The Potucky boreholes are situated in the highland region that is characterized by extensive forest cover of coniferous woods and mountain meadows with abundant peat bogs. However, natural woods are spoiled very much by emissions from foothill coal basins. Now intensive work on their recovery is being performed. The suite of shallow boreholes was drilled in Potucky site during 2002, and subsurface temperature monitoring at several shallow depths from 2 cm to 50 m began in 2003. Results of the temperature measurements at 40 and 50 m depth in Potucky borehole from October 2003 to June 2004 are shown in Figure 122. Because of the relatively high thermal conductivity of the subsurface strata in Potucky site (3.2W/(mK)) in comparison with approximately 2W/(mK) characteristic for the Sporilov and Kocelovice stations, an annual temperature wave penetrates deeper into the subsurface there. This is the reason that the warming trends detected in Potucky hole at both 40 and 50 m depths do not appear as linear as in Sporilov hole and can be inferred with little bit less significance. As shown in Figure 122, the warming rate calculated for the temperatures measured at 50m depth is quite high and equals to ~0.04K/year. It is still higher at the 40m depth where detected warming trend is approximately four times larger than that observed at the same depth at forested and less industrialized southwestern slope of the Bohemian Massif (Kocelovice hole) and approximately two times larger than that measured during the same period in the industrial region of Prague (Sporilov hole). Because the characteristic time of the penetration of the surface temperature signal into the subsurface is inversely proportional to the thermal conductivity of the medium, the warming trend detected in Potucky hole likely reflects more recent events. While the Sporilov and the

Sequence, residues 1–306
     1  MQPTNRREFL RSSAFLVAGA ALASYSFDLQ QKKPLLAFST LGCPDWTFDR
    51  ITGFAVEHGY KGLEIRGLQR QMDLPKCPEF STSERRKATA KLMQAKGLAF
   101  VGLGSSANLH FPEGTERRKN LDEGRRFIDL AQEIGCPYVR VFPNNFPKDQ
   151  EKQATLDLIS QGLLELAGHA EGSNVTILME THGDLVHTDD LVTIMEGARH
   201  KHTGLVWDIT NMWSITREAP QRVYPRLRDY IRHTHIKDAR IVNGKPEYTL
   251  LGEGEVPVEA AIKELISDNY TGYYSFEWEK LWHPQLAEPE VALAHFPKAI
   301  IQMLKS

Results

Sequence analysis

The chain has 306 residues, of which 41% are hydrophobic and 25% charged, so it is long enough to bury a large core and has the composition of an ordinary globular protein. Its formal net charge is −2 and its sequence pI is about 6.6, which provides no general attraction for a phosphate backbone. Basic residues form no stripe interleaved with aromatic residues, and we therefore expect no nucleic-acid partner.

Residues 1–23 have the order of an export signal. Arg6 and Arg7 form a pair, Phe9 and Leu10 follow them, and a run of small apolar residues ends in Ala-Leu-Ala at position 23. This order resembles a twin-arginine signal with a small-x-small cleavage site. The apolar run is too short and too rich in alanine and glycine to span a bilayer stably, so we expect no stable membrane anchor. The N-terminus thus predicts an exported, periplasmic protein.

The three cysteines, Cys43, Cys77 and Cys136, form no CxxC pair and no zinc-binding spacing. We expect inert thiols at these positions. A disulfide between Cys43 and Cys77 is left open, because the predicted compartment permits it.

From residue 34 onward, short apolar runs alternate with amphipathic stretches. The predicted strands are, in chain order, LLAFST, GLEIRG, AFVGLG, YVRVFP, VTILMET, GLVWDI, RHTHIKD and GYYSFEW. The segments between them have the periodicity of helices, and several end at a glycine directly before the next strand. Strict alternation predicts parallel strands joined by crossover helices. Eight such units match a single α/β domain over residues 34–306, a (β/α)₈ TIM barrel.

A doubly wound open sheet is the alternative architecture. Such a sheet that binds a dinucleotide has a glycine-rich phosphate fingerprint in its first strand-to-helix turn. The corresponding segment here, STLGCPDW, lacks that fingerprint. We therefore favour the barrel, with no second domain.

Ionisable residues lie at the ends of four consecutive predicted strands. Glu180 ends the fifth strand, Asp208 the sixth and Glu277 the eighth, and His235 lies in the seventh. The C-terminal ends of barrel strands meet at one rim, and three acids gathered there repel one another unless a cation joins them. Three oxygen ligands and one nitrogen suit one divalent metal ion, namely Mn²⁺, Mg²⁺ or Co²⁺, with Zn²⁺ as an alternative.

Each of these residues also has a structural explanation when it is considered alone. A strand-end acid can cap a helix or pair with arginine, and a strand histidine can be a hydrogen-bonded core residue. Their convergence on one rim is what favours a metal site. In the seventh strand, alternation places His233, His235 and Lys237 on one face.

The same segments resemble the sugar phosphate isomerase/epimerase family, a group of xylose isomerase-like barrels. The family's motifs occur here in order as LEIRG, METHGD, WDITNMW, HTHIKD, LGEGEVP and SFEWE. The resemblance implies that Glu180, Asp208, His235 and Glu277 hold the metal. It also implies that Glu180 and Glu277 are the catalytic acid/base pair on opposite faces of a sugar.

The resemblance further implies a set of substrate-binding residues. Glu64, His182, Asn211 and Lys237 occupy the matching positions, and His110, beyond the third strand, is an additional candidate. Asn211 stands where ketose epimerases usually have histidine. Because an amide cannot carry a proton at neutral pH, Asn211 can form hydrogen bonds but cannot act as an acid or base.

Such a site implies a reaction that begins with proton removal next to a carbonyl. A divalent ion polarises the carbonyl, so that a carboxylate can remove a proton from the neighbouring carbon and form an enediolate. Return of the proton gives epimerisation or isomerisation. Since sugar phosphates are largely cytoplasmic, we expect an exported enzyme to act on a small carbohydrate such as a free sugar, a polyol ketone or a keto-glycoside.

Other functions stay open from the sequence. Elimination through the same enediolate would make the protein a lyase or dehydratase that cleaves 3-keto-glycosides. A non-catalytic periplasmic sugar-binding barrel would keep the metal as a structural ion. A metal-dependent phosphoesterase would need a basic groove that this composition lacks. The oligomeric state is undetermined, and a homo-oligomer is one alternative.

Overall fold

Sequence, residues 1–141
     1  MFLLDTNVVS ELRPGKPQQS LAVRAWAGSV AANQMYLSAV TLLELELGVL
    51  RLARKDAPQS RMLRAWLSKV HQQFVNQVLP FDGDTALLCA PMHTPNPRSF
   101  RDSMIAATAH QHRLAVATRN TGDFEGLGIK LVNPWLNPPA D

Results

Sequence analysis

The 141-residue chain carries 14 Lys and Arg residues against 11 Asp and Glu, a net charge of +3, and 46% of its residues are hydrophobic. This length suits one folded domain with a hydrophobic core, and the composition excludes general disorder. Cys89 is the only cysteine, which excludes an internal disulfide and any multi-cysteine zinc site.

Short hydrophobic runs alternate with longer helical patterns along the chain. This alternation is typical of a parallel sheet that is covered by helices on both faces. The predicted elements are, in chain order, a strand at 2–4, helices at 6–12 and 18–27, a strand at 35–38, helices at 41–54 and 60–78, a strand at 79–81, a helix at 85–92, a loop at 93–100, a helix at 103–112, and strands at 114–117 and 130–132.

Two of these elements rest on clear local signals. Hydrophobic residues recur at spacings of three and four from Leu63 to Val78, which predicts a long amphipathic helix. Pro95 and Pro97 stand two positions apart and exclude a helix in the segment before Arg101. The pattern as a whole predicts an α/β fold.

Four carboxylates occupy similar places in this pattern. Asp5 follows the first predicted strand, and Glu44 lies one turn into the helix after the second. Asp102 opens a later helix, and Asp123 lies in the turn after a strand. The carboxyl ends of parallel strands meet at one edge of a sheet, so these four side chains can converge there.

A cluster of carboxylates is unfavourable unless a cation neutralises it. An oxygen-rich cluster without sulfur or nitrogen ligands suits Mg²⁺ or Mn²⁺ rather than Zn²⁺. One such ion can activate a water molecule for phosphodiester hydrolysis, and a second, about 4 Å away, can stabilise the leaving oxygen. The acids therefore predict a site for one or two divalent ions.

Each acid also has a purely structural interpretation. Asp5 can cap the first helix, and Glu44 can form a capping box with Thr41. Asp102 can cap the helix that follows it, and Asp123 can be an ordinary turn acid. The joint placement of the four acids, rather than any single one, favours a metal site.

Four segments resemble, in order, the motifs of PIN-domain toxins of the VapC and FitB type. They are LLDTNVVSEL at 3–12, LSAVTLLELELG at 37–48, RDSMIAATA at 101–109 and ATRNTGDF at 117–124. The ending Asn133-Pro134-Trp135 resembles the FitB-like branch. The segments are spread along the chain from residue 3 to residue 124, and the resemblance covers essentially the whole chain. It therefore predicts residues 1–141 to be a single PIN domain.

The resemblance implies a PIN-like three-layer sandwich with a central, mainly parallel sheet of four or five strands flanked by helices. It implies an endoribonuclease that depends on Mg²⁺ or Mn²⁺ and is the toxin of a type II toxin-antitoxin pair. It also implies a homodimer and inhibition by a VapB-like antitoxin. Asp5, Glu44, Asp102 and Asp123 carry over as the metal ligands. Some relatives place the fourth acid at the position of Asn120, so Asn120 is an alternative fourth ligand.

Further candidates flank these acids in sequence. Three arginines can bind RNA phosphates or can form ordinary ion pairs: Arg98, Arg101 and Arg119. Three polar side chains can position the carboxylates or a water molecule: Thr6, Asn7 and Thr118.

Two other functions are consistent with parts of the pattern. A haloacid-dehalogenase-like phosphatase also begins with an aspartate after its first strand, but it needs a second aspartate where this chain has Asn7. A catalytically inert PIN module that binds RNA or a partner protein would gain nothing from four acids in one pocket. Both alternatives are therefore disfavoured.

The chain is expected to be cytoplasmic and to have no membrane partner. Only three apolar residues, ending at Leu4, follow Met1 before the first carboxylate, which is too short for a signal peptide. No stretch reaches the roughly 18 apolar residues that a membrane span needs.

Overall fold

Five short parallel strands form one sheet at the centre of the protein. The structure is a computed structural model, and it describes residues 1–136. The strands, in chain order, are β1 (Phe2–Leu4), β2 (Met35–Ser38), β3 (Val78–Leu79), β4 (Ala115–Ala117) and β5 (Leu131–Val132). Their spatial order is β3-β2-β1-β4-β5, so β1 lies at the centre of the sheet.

Kocelovice trends can be attributed to the strong warming that began in the area after the relatively cold 1940s, trends detected in Potucky site can be connected with climatic changes of the 1970s and the 1980s.
An interpretation of the enormous warming trend detected at Potucky site does not represent an easy task because of the still short observational period but mainly because of the complexity of the processes involved in the local climate changes. The high value of detected warming hints that at least part of it may reflect an influence of the human environmental pollution. However, detailed investigation of all possible forcings reveals the possibility of more complex interdependences. The warming trend observed at Potucky hole can be compared with the long-term SAT measurements at the nearby meteorological station at Fichtelberg, Germany (Figure 123). The Fichtelberg is one of the highest mountains in the German part of the Ore Mts. (50.43°N, 12.90°E, 1213 m a.s.l.). This region is characterized by harsh, cloudy weather with significant precipitation including both wet winters and summers. Long-time annual mean temperature on the Fichtelberg is only 3.2°C. The SAT record exists here from 1891. The local climate has experienced insignificant warming with the rate of 0.0077 K/year for the total observational period from 1891 to 2003. Time interval between 1950 and 1980 was relatively cold. Strong sudden temperature rise with more than 0.05 K/year rate began here since the 1980s. The main temperature increase occurred between 1987 and 1991. It was detected over the whole Central Europe and is known as the "Climate Jump II" (in comparison with the "Climate Jump I" that occurred between approximately 1920 and 1935; see, e.g., Figure 64, Chapter 2). During "Climate Jump II" the GST in Central Europe has